Another strike looms as mining company is accused of slave labour tendencies

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Members of Numsa picketing outside Impala Platinum Mine in Rustenburg on Monday, 20 June.                            Photo: Masego Senosi
Members of Numsa picketing outside Impala Platinum Mine in Rustenburg on Monday, 20 June. Photo: Masego Senosi


The National Union of Metalworkers of SA (NUMSA) members working for Reagetswe Mining Group, Triple M Mining and Newrak Mining embarked on an indefinite strike on Monday at Impala Platinum in North West.

In a statement, the union said employees contracted and employed to provide services to Implats were being exploited with smaller wages compared to what their permanent colleagues earned for doing the same job.

Union spokesperson Phakamile Hlubi-Majola  said these contract companies grossly exploit workers and “Impala Platinum has shamefully washed its hands off the situation”.

“They get no benefits and no medical aid even though they risk their lives to mine platinum. They do the same work but get paid less. Can you imagine how hard life must be for them when they are expected to survive on such meagre earnings?”

Implats spokesperson Johan Theron says Numsa is trying to exploit its members by saying they are not receiving the same wages as permanent employees but forgets to mention the bonuses that contract workers receive.

READ: Union warns of mayhem

“Permanent employees receive higher salaries and wages than contractual employees, but their wages are compensated with higher production bonuses. The more production in the company, the more the contract employees would be paid.”

Theron added that contract employees were employed at a shaft that was supposed to be closed down but was not to provide employment opportunities. Theron said:

Due to these strikes, the shaft could close and be left unattended because this makes it unsustainable.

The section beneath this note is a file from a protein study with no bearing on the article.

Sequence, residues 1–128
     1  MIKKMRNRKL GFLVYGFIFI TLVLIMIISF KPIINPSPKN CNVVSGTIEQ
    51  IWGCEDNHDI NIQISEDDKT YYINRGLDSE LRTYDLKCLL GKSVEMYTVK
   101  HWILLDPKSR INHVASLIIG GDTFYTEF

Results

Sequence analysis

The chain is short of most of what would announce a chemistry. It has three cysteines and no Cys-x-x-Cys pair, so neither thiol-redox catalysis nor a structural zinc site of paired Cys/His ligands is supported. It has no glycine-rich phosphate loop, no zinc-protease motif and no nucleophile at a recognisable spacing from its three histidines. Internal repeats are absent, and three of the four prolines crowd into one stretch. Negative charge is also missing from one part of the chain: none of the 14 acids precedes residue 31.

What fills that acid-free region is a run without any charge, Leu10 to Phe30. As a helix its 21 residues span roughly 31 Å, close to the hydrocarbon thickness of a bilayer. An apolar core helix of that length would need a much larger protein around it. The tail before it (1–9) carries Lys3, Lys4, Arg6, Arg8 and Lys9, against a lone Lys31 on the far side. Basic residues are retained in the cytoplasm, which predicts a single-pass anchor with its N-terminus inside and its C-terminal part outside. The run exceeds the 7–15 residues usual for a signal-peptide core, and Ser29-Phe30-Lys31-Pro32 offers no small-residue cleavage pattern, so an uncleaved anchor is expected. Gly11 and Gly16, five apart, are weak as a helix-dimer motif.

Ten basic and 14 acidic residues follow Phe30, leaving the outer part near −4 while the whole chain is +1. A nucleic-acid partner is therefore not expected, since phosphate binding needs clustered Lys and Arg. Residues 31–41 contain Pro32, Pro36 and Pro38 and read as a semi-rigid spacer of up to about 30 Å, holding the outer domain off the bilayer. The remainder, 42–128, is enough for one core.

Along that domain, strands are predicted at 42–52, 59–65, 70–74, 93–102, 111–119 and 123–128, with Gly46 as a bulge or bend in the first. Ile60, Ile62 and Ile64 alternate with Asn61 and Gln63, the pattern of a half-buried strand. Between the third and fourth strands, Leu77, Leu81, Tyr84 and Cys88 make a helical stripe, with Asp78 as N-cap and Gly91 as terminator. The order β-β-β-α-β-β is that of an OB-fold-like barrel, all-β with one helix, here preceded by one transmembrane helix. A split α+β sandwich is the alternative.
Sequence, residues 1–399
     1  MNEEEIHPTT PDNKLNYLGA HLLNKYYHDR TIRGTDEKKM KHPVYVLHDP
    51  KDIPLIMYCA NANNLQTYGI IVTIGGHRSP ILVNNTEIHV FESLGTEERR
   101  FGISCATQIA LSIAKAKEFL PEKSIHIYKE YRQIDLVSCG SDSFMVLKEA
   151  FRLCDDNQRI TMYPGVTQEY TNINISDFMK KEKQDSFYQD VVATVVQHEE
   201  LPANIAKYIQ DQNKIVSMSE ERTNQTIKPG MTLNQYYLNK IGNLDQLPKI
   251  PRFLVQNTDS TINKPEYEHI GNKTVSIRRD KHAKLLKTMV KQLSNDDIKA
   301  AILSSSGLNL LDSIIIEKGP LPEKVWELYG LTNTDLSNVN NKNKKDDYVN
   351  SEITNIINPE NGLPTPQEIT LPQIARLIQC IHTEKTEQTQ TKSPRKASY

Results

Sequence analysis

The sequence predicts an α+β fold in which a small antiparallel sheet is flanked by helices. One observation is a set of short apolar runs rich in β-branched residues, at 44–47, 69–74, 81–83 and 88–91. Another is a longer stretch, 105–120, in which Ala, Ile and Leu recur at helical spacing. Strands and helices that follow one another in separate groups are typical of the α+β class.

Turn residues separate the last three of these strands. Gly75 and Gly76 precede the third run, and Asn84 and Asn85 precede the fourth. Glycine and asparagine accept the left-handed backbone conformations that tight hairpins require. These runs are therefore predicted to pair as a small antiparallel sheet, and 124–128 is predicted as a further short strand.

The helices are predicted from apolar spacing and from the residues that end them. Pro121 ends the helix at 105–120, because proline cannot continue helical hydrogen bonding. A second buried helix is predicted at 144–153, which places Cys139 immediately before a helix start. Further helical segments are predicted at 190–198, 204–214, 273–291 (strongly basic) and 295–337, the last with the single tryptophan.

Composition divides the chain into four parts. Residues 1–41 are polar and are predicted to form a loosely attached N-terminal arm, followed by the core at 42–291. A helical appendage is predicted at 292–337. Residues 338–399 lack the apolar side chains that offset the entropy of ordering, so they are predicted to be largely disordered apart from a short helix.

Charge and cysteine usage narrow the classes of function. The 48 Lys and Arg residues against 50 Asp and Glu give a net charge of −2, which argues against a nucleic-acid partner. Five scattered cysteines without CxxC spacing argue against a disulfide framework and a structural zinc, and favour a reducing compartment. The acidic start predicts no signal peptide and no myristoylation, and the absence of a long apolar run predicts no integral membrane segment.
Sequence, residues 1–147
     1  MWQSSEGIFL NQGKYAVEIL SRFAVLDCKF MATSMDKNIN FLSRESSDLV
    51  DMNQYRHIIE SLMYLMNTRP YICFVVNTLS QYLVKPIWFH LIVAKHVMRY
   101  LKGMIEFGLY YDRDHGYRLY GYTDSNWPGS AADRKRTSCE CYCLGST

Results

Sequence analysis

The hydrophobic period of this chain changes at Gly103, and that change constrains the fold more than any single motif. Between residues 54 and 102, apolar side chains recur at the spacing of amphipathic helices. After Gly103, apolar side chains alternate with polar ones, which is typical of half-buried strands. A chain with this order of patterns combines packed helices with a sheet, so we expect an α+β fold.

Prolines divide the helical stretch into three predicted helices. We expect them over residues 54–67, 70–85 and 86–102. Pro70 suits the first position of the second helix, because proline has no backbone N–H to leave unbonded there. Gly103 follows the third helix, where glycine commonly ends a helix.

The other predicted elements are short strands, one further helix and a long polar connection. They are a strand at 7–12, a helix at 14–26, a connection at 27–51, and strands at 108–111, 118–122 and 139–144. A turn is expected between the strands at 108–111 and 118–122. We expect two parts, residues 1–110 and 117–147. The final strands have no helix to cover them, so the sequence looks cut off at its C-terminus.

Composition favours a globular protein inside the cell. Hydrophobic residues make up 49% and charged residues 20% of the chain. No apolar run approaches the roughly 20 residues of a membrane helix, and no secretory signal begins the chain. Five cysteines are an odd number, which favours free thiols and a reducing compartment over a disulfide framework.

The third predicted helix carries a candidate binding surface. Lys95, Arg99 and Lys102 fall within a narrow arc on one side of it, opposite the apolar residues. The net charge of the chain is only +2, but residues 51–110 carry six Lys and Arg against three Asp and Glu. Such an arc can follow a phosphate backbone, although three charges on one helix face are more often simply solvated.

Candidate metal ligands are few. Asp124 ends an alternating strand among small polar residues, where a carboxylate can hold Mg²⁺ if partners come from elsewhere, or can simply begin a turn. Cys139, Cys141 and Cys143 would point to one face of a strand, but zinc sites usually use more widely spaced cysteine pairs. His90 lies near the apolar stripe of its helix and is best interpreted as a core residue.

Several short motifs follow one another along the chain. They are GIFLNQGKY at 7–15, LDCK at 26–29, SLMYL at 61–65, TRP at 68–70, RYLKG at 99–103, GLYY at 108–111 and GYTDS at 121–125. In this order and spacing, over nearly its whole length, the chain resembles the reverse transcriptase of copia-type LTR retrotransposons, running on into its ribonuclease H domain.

Theron explained that the strike has got nothing to do with Implats and should be between the three companies and the union.

Hlubi-Majola says labour brokers operate like modern slave traders because if a permanent rock drill operator earns R17 000 per month, contract employees would earn R5 000 in comparison, with no benefits.

She says the ideal scenario would be for their members to be made permanent employees.

In 2018, Numsa won a Constitutional Court decision that confirmed that workers who work for labour brokers for over three months should be made permanent employees with the same salary and benefits as permanent workers.

“The majority of our members have been working at Implats for years and this kind of employment is an attack on their dignity. It relegates them to a permanent state of poverty. These people are creators of wealth and are responsible for the obscene profits of the company. They should live dignified lives.”

READ: Amplats to reveal results of probe into operations at Twickenham mine before year-end

Hlubi-Majola added that they served all these companies with a notice to strike and have submitted wage demands, which they did not want to engage in.

Reagetswe Mining Group and Triple M Mining have been ordered by the labour court at various dates to conduct verification to confirm that Numsa was the majority union, but they have refused to adhere to this court order.

Triple M Mining was ordered last week, while Reagetswe Mining Group was ordered last August.

“We meet the threshold and workers have chosen Numsa as their union of choice. Management must stop interfering in the constitutional right of workers to choose which union will represent them.” Hlubi-Majola said:

Once we have secured organisational rights, our members want to conclude a collective agreement based on other additional demands, including wage increases and benefits.


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